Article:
partakes of malpractice of law and falsification. Notarizing documents with an expired

commission is a violation of the lawyer’s oath to obey the laws, more specifically, the

2004 Rules on Notarial Practice.

A notarial commission is a privilege granted only to those who are qualified to perform

duties imbued with public interest.

On the contrary, we feel that he should be reminded that a notarial commission should

not be treated as a money-making venture. It is a privilege granted only to those who

are qualified to perform duties imbued with public interest. As we have declared on

several occasions, notarization is not an empty, meaningless, routinary act. It is

invested with substantive public interest, such that only those who are qualified or

authorized may act as notaries public.

A person who is commissioned as a notary public takes full responsibility for all the

entries in his notarial register. Respondent cannot take refuge claiming that it was his

wife’s act and that he did not authorize his wife to notarize documents. He is personally

accountable for the activities in his office as well as the acts of his personnel including

his wife, who acts as his secretary.


A jurat is a distinct creature from an acknowledgment—an acknowledgment is the act

of one who has executed a deed in going before some competent officer or court and

declaring it to be his act or deed; while a jurat is that part of an affidavit where the

officer certifies that the same was sworn before him.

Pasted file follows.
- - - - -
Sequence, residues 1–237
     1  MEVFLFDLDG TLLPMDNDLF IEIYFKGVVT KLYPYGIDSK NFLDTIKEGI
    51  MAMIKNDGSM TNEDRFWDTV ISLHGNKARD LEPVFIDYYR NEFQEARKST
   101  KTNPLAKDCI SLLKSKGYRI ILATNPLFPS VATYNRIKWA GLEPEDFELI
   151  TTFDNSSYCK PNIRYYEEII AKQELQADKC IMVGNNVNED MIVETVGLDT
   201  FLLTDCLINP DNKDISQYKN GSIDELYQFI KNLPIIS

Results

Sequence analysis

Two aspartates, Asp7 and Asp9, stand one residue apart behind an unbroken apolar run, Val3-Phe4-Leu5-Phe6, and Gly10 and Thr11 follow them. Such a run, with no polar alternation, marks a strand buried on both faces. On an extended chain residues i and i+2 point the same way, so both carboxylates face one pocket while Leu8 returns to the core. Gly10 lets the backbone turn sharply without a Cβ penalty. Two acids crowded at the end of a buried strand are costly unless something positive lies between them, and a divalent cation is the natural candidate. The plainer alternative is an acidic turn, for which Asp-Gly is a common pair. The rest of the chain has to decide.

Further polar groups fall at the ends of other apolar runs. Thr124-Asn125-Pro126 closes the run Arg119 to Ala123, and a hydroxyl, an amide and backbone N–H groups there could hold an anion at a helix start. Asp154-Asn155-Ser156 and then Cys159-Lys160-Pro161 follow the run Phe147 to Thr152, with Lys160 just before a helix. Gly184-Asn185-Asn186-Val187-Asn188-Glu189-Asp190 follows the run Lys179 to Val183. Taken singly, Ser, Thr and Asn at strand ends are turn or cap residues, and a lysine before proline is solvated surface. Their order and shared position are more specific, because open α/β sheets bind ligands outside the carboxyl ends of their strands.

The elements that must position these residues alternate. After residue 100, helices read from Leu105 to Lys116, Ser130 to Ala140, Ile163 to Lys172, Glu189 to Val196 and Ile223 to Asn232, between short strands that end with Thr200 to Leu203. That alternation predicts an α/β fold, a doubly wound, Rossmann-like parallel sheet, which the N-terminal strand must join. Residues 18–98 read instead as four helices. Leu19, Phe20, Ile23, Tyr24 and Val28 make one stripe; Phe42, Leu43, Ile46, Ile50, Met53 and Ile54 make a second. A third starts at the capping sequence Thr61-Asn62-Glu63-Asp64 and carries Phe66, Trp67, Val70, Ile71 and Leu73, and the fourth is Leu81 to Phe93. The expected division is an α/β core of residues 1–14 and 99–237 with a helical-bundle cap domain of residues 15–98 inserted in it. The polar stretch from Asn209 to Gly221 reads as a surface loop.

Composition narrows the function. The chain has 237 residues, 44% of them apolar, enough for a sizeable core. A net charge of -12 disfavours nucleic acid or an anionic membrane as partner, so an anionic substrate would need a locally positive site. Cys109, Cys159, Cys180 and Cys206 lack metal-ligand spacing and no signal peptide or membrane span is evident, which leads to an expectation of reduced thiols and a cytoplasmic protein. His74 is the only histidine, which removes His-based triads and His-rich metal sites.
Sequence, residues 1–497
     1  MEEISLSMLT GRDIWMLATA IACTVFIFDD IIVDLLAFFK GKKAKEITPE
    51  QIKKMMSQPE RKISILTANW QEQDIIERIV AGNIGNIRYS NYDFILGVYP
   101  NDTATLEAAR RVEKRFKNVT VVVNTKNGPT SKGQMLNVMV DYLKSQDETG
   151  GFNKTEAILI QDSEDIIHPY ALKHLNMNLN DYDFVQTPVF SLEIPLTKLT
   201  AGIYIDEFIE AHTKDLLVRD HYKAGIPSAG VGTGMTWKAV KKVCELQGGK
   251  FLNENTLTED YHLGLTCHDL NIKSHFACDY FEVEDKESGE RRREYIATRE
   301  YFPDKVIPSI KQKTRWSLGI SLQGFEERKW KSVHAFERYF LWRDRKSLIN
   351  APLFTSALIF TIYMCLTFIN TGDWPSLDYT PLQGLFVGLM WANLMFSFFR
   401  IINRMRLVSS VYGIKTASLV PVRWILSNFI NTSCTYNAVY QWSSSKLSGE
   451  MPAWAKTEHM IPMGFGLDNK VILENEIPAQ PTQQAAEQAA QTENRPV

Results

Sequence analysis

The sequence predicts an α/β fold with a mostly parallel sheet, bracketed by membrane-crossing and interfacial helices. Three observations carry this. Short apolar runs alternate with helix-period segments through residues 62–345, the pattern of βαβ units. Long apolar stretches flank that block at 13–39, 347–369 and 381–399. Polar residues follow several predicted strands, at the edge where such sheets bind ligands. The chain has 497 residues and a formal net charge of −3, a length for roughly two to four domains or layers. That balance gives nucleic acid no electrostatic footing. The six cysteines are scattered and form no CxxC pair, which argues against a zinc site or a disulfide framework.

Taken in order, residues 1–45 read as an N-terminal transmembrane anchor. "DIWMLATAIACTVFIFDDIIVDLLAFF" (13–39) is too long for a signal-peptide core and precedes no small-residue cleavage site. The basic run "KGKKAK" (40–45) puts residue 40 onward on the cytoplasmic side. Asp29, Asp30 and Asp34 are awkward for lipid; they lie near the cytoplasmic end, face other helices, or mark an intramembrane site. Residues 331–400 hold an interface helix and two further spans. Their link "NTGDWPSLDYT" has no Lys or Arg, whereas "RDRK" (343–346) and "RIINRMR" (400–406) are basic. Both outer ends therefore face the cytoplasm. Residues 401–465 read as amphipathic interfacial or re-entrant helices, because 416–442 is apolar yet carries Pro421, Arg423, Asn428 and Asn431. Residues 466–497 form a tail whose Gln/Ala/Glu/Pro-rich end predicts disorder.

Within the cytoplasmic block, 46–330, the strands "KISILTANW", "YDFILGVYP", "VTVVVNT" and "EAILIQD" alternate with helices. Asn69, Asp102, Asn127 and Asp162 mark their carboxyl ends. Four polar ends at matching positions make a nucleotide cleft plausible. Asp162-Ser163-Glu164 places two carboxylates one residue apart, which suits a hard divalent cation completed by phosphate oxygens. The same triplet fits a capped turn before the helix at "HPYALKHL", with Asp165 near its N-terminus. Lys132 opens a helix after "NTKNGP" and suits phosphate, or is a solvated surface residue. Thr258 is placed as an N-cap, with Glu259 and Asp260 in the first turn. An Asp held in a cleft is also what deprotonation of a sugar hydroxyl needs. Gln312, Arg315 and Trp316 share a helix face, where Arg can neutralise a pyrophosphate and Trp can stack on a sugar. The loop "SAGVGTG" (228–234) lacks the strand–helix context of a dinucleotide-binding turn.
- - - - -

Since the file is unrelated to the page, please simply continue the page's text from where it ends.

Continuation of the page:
As far back as 1980 in Borre v. Moya, 100 SCRA 314, the Court explicitly declared that

municipal court judges may notarize only documents connected with the exercise of

their official duties.

Supreme Court Circular No. I-90 permits notaries public ex officio to perform any act

within the competency of a regular notary public provided that certification be made in

the notarized documents attesting to the lack of any lawyer or notary public in such

municipality or circuit.

If the notary public does not have the capacity to notarize a document, but does so

anyway, then the document should be treated as unnotarized.

From a civil law perspective, the absence of notarization of a deed of sale would not

necessarily invalidate the transaction evidenced therein.

The presumption of regularity attaches only to duly notarized documents, as

distinguished from private documents.

Where the deed of sale is a private document, not only the due execution of the